Reports have emerged in the Iranian media of another foiled attack by a micro aerial vehicle last night, on 4 April 2023. It is believed the UAV was targeting the Amir-al-Mo’menin complex of the Iranian Defence Ministry in Isfahan according to the Iranian media outlet Tasnim News Agency.
However, a conflicting report has followed this announcement three hours later from the state-controlled Islamic Republic News Agency (IRNA). IRNA received a comment from Iran’s Interior Minister, Ahmad Vahidi, who purportedly remarked: “We do not confirm reports on the entrance of a micro aerial vehicle, and it needs verification”. So far there have been no accusations associating Israel to this unconfirmed incident.
All reports assert that no damage has been inflicted on the government defence complex in Isfahan.
This would not the first time unmanned aerial vehicle (UAV) assaults were waged between the countries. The Iranian Ministry of Defence announced on 28 January that the Iranian air defence forces had repelled a drone strike on a military facility in Isfahan once before.
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Similarly, on 2 April, the Israeli Defence Force (IDF) tracked an unidentified aircraft, which was soon “taken down over an open area”. The aircraft was discovered in Gaza airspace, and Hebrew media reports say the military believes the aircraft was of Iranian origin.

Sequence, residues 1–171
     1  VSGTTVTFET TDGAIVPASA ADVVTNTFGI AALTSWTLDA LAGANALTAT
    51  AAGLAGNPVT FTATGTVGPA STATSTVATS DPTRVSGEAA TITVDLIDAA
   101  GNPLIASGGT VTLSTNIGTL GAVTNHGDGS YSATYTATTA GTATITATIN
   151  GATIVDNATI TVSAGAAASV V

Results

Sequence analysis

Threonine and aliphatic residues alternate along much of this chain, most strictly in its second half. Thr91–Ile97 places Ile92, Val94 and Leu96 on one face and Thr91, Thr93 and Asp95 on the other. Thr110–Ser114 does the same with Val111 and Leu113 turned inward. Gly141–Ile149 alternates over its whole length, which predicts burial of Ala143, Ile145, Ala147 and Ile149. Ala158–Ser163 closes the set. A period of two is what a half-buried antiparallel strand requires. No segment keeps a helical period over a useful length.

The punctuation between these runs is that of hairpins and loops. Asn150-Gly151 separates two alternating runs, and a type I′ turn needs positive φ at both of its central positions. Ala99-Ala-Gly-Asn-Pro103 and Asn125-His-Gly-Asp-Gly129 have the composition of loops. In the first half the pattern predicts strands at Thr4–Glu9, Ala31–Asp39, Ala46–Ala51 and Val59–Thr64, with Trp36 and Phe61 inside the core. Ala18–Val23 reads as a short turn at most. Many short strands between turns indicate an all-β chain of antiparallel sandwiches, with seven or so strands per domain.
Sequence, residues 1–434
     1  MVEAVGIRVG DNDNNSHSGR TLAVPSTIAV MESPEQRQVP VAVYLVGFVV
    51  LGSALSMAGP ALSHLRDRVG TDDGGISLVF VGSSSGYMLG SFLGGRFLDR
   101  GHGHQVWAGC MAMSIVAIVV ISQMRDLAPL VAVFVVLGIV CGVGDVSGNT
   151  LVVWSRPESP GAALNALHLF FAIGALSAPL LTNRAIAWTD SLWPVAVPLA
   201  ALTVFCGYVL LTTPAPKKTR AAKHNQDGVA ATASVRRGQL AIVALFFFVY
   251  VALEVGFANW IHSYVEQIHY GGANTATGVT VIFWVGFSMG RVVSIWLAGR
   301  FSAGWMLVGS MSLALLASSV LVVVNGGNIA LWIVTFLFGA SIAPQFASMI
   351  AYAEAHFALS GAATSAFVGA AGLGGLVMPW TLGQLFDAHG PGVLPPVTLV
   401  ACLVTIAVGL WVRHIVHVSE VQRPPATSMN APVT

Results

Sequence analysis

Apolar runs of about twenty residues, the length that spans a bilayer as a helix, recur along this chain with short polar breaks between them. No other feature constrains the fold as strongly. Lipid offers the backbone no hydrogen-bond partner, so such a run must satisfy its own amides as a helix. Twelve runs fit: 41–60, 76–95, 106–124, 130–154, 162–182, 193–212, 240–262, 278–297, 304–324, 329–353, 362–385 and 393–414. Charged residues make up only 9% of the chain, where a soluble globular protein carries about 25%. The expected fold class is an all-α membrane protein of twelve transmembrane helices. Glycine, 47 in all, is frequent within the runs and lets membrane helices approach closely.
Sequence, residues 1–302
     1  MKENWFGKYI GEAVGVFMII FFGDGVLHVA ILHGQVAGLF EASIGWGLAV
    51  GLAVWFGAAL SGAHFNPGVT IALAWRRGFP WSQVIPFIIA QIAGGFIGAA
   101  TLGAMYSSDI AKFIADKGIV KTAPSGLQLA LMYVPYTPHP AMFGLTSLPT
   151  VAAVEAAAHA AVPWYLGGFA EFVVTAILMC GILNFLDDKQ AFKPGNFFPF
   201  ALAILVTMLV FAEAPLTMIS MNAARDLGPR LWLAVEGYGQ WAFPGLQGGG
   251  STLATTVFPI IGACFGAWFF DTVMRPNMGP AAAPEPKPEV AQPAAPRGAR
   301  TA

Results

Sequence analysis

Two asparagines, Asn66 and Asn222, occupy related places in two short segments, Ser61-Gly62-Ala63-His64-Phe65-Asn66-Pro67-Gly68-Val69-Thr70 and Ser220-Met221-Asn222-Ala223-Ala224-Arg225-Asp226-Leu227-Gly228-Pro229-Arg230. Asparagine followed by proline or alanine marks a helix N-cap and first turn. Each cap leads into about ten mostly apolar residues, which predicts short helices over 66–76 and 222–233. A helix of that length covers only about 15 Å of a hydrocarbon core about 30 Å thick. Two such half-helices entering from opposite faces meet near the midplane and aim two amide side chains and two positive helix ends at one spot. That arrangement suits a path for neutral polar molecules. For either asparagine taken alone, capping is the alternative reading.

Iran’s response time
As the two countries engage in tit-for-tat UAV strikes, the Iranian Defence Ministry has sought to bolster its military facilities and accompanying fleets and resources. On 7 February, the Islamic Republic of Iran Air Force showcased their new underground air base, the Oqab 44 (Eagle 44).
The facility is believed to be heavily protected, tucked beneath mountains, to avoid aerial bombing and strikes. The unveiling of this underground air base followed the largest ever US-Israeli military exercise: Juniper Oak, in the Middle Eastern region.
Facilities such as this are believed to be dotted across Iran. They are designed to mobilise a rapid aerial response to such attacks from adversarial forces.
Iran is known to be a big investor in UAVs. GlobalData tells us that the regime is forecast to see growth in spending on their UAVs from $85m in 2023 to $125m in 2025. They are a major supplier to the Houthi rebels who control parts of Yemen, and they have also supplied Russia in their invasion of Ukraine.
Similarly, Israeli forces are expected to register a compound annual growth rate of 5.5% with their spending on medium-altitude long-endurance UAVs alone.
According to GlobalData forecasts, the global UAV market will reach $89.6bn by 2030, up from $13.7bn in 2021. The market share of commercial UAVs will increase from 34% in 2021 to 64% in 2030.